Jeremiah 3:9
And it came to pass through the lightness of her whoredom, that she defiled the land, and committed adultery with stones and with stocks.
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(9) The lightness of her whoredom.—Lightness in the ethical sense of “levity.” Apostasy was treated once more as if it had been a light thing (1Kings 16:31). The word is, however, very variously interpreted, and the meaning of “voice,” or “cry,” in the sense in which the “cry” of Sodom and Gomorrah was great (Genesis 18:20), seems more satisfactory. On “stones” and “stocks,” see Note on Jeremiah 2:27.

Jeremiah 3:9-10. And through the lightness of her whoredom — “By this phrase,” says Blaney, “I take to be meant, that she was not nice in the choice of the objects, but was ready to prostitute herself to all that came in her way; that is, she eagerly fell in with all kinds of idolatrous worship indiscriminately, descending so low as to images of wood and stone.” That she defiled the land — Brought the whole land under the guilt of idolatry. Yet for all this — Though God saw what she did, and though she saw the shameful idolatry of Israel, and what she had suffered; yet Judah hath not turned unto me, &c. — When they had a good king that would have reformed the nation, they did not heartily concur with him in that good work. In the reigns of Manasseh and Amon, who were disposed to idolatry, the people were so too, and all the country was corrupted by it, none fearing the ruin which Israel, by this sin, had brought on themselves. God therefore tried whether they would manifest a different spirit and conduct under a good king, but the evil disposition was still the same, and they returned not to the Lord with all their hearts, but feignedly — They were forced indeed to an external compliance with Josiah, who went further in destroying idolatry than the best of his predecessors had done, joined with him in keeping a very solemn passover, and in professing to renew their covenants with God, 2 Chronicles 34:32; 2 Chronicles 35:17; but they were not sincere in all this, nor were their hearts right with God. For which reason God, at that very time, said, I will remove Judah out of my sight, as I have removed Israel, (2 Kings 23:27,) because Judah was not removed from their sin by the sight of Israel’s removal from their land.

3:6-11 If we mark the crimes of those who break off from a religious profession, and the consequences, we see abundant reason to shun evil ways. It is dreadful to be proved more criminal than those who have actually perished in their sins; yet it will be small comfort in everlasting punishment, for them to know that others were viler than they.Lightness - Others render as in the margin.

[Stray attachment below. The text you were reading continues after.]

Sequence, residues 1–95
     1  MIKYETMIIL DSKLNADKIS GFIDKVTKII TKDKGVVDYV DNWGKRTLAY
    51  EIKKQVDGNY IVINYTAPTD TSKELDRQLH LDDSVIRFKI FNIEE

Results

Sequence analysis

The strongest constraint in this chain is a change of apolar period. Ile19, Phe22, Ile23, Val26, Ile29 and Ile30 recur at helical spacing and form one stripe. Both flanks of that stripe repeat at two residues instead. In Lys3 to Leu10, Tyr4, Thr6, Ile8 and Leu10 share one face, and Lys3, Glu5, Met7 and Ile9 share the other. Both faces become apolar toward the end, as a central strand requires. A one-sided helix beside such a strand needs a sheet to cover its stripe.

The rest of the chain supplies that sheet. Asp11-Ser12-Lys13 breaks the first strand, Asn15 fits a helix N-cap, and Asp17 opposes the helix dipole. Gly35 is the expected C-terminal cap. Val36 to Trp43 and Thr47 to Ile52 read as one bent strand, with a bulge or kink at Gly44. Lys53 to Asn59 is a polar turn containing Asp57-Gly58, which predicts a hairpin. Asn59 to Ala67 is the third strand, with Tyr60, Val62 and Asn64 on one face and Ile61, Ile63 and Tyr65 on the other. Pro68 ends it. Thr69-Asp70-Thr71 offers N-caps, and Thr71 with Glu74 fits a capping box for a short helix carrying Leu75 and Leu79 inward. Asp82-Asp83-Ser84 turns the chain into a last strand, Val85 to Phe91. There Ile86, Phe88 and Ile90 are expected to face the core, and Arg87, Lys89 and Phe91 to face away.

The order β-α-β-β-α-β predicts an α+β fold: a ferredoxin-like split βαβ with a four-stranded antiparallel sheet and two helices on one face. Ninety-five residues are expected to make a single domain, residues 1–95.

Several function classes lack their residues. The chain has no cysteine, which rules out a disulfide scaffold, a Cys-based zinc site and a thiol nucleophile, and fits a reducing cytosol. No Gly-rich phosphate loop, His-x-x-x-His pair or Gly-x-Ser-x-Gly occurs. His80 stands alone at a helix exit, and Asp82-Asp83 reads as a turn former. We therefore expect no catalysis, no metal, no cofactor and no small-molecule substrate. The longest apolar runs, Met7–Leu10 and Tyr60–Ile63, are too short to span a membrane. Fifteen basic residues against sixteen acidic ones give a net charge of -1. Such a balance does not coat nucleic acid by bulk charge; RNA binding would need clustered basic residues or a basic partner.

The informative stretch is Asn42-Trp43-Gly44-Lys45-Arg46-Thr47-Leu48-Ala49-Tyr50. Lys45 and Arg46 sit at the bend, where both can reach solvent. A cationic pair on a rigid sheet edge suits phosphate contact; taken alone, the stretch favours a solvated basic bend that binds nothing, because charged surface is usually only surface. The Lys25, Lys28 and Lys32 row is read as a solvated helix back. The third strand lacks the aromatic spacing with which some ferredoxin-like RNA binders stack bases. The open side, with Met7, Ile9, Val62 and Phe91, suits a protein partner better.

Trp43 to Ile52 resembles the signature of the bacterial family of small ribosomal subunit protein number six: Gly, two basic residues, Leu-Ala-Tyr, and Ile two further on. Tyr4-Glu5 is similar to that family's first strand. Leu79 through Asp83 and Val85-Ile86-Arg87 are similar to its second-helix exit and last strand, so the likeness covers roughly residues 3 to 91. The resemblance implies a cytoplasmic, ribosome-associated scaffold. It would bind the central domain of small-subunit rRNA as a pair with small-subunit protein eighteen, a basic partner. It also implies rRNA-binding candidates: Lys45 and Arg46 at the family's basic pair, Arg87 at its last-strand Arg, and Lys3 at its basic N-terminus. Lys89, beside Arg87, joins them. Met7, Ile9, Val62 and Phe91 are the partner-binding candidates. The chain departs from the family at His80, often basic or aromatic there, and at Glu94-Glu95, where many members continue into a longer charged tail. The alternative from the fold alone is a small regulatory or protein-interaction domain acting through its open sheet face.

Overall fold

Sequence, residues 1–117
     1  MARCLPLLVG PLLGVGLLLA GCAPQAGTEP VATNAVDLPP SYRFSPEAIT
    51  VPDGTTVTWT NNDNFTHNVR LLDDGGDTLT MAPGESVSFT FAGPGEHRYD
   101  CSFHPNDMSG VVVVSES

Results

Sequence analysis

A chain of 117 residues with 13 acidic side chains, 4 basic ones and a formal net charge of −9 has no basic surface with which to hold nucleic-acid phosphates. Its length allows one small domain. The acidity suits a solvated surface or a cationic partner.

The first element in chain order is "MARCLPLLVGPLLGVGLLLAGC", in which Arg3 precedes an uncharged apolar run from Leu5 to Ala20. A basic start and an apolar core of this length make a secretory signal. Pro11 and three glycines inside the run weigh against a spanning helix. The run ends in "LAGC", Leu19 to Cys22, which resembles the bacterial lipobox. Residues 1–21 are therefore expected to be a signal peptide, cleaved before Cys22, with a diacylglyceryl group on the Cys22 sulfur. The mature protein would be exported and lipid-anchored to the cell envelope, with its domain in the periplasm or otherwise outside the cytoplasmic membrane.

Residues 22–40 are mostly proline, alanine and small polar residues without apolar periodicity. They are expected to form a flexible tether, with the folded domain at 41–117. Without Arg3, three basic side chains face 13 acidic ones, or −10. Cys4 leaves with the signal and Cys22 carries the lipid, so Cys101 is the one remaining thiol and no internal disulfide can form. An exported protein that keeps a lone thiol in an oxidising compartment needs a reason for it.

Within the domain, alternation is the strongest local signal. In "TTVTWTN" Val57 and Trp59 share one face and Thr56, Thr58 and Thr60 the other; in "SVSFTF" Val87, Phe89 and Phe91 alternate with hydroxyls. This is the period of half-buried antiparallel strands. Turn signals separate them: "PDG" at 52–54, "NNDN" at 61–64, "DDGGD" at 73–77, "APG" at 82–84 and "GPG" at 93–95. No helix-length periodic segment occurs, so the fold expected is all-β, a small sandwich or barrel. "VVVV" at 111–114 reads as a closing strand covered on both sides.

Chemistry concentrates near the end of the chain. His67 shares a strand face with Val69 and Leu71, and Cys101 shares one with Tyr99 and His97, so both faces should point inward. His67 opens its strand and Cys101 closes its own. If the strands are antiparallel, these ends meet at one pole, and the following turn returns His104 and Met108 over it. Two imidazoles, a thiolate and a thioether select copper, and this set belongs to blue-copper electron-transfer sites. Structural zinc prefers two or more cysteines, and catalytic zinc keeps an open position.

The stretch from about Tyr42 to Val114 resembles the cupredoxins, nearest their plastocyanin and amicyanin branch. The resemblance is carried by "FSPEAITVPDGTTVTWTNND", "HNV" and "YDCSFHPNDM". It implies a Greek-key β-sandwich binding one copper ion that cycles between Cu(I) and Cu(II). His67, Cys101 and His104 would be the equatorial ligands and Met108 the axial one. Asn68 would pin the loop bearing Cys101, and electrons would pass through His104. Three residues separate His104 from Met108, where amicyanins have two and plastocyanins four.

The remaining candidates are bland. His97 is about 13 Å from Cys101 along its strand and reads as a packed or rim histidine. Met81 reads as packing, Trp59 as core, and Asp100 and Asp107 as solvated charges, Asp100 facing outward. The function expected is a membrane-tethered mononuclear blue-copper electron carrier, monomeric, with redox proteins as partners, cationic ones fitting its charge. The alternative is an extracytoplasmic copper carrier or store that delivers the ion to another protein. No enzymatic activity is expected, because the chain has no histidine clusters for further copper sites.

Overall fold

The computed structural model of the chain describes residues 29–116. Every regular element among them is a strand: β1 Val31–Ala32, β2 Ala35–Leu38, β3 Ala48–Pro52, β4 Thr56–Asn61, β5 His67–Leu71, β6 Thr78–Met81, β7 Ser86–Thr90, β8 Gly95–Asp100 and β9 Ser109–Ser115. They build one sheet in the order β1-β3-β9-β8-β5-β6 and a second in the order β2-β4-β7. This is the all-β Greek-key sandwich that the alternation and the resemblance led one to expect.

Defiled - Rather, profaned. The land especially consecrated to Yahweh's service was treated by Judah as a common land.

9. it—Some take this verse of Judah, to whom the end of Jer 3:8 refers. But Jer 3:10 puts Judah in contrast to Israel in this verse. "Yet for all this," referring to the sad example of Israel; if Jer 3:9 referred to Judah, "she" would have been written in Jer 3:10, not "Judah." Translate, "It (the putting away of Israel) had come to pass through … whoredom; and (that is, for) she (Israel) had defiled the land" &c. [Maurer]. English Version, however, may be explained to refer to Israel.

lightness—"infamy." [Ewald]. Maurer not so well takes it from the Hebrew root, "voice," "fame."

The lightness of her whoredom; whether of Judah’s or of Israel’s is not agreed upon, but the right applying of it doth depend much upon the right acceptation of the word lightness, which comes from a Hebrew word that signifies voice; and so it may refer either to the noise or fame of it, that would fly abroad, and thus it is applied to Israel, i.e. though Israel’s whoredoms were never so much blazed abroad, yet Judah regarded it not. Or it may be taken for the heinousness of it, a crying voice, as Genesis 4:10, and so by an hypallage, her whoredoms of fame, or notorious whoredoms; and is not ill expressed here by

lightness of her whoredom, noting her impudence in it, as we use to term a common harlot a light woman; and thus it is applied to Judah, both the foregoing and following words seeming to be an aggravation of Judah’s refractoriness.

Defiled the land; brought the whole land under the imputation of filthiness.

With stones and with stocks, i.e. with idols made of stone and wood, a metonymy of the matter, to note the baseness of the fact.